Conditions of Presence: Topological Complementarities in The Silent History

Critical Writing
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Abstract (in English): 

As everyday network communication practices and habits of media consumption adapt to digital media technologies, creators of narrative fictions must meet the emerging expectations of readers and design digital fictions to invite and integrate opportunities for participation. Yet as additive and emergent participation processes are incorporated into digital fictions, it becomes increasingly important to strike a balance between authorial agency and user-generated content, between the core creative vision of cultural creators and the contributions of casual participants. 


In this article I develop a multi-layered analysis of The Silent History, a digital fiction for iOS that successfully incorporates user-generated content within the fictional narrative without compromising the intelligibility, coherence, or stylistic unity of the core narrative. I employ narrative theory, network analysis, and close reading to investigate the media-specific reciprocity between the expression of story as discourse, the interactive architecture, the user interface of the mobile application, the character network of the story, and the participatory cultural production model. Throughout this analysis I draw attention to how the network topologies of the interactive navigation, the character network, and the participatory production model exhibit, in their interrelationships, a distinct complementarity that supports networked participation.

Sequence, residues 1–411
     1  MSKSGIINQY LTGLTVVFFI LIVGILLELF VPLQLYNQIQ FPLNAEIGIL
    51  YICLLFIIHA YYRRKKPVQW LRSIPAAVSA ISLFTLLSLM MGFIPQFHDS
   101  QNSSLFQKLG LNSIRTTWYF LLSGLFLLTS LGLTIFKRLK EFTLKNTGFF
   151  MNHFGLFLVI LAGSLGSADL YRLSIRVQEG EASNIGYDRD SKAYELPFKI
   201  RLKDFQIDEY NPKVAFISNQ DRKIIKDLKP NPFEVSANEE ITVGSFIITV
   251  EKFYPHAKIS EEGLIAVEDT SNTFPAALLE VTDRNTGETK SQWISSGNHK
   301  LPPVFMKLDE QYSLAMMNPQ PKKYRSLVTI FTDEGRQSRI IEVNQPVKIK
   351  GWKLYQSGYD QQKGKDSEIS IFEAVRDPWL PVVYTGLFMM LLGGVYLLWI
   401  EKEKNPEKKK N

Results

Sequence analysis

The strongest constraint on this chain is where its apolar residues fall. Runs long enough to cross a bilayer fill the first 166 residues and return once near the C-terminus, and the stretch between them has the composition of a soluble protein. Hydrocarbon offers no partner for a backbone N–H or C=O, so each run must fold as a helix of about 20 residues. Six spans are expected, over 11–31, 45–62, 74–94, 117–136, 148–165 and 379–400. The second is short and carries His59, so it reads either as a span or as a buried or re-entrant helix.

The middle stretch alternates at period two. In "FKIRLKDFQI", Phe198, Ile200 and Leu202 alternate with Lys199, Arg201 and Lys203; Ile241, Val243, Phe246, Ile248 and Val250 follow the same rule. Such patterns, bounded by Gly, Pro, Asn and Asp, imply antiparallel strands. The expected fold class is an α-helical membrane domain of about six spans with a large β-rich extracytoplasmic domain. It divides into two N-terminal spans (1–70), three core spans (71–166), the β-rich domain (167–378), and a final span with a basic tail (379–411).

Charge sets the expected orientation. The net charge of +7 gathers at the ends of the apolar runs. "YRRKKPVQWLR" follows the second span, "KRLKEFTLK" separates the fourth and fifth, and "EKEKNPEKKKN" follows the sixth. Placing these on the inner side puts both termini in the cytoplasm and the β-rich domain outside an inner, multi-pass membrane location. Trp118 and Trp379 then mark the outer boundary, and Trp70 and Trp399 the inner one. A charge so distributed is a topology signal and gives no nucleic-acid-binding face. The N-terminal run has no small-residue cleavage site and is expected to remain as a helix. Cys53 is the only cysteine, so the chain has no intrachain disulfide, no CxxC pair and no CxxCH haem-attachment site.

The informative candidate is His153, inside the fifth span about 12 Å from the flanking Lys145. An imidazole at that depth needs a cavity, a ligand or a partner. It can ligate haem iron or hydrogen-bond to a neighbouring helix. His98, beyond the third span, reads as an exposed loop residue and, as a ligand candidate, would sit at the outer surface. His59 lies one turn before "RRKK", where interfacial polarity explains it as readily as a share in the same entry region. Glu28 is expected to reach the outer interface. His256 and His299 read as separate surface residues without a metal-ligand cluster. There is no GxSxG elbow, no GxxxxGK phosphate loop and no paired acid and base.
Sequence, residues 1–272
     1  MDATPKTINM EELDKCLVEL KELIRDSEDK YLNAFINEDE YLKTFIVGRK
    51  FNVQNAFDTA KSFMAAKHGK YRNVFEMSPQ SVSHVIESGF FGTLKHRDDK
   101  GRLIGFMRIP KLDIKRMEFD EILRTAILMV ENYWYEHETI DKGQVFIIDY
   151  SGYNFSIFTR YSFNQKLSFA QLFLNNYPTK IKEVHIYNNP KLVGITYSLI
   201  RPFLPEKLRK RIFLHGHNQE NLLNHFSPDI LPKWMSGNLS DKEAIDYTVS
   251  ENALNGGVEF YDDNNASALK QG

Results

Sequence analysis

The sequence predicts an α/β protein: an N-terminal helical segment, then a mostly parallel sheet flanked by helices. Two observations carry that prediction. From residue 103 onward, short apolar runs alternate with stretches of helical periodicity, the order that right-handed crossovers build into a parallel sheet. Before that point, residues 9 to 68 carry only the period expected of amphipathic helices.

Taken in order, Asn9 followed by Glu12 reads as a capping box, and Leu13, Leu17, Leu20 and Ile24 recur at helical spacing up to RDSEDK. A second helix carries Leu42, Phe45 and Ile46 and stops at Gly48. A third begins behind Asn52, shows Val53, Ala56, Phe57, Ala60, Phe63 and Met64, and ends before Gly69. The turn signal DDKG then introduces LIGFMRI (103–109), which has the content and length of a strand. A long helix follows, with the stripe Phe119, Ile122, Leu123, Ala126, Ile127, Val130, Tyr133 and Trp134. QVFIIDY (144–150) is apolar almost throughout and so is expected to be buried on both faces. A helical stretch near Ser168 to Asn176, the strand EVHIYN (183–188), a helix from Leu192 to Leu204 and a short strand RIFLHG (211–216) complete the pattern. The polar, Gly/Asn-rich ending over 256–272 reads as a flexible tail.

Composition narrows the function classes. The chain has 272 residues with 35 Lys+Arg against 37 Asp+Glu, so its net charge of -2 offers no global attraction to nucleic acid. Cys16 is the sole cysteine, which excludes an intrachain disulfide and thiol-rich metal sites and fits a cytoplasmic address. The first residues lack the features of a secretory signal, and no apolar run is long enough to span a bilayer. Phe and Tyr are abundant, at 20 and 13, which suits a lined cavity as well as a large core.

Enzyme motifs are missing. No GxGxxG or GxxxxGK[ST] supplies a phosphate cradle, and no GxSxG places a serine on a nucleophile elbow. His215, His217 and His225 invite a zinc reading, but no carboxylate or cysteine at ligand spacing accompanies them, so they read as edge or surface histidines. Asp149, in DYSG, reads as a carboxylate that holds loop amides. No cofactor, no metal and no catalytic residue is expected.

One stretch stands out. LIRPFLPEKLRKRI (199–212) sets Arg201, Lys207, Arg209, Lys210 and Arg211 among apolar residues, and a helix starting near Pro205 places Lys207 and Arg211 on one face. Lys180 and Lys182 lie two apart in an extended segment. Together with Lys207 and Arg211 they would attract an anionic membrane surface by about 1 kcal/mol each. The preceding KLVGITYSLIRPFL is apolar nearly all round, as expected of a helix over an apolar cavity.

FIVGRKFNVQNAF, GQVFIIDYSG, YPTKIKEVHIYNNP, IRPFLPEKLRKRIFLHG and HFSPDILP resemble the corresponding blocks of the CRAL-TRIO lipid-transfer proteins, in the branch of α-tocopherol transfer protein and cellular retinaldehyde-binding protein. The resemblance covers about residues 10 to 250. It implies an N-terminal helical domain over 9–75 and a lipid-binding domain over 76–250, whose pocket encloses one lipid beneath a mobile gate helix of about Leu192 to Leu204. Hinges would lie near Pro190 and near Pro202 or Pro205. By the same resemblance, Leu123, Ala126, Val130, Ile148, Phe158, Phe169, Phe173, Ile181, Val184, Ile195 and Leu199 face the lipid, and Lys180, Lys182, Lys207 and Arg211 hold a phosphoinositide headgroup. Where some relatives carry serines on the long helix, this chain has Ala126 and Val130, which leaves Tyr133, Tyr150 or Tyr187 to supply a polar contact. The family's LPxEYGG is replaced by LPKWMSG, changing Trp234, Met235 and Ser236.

The Silent Historypresents the reader with a lengthy narrative, and an expansive network of characters. These characters are at times geographically concentrated and then dispersed, during the course of a series of plot developments. As the narrative develops, the network of nodes connecting the first-person testimonials in the interactive architecture grows into a very dense, decentralized network. This network topology is homologous, in some respects, with the character network. Yet the temporal structure of the narrative is highly sequential and makes it easier to track the multitude of characters. The dense, decentralized network of characters and the chronological sequence of the narrative together establish a framework that permits readers to develop their own minor characters in user contributed “field reports” without introducing complicating events or characters into the core narrative. 


I argue that The Silent Historysuccessfully achieves a balance between a compelling, engaging, and deliberate core narrative on the one hand, with meaningful participation by a readership anchored to mobile devices on the other. The variety of network topologies that I describe in this article demonstrate how distinct aspects of the digital fiction mutually support one another to simultaneously realize objectives of immersion and interactivity and to provide readers with both the narrative coherence of a “linear novel” and the additive, participatory experience of emergent texts. Within this strategic interplay of topologies lie broader insights into models of participatory cultural production appropriate for an increasingly networked audience. As such, The Silent History is representative of a still emerging genre of digital fiction that is calibrated to the socially mediated interactions characteristic of contemporary participatory culture. 

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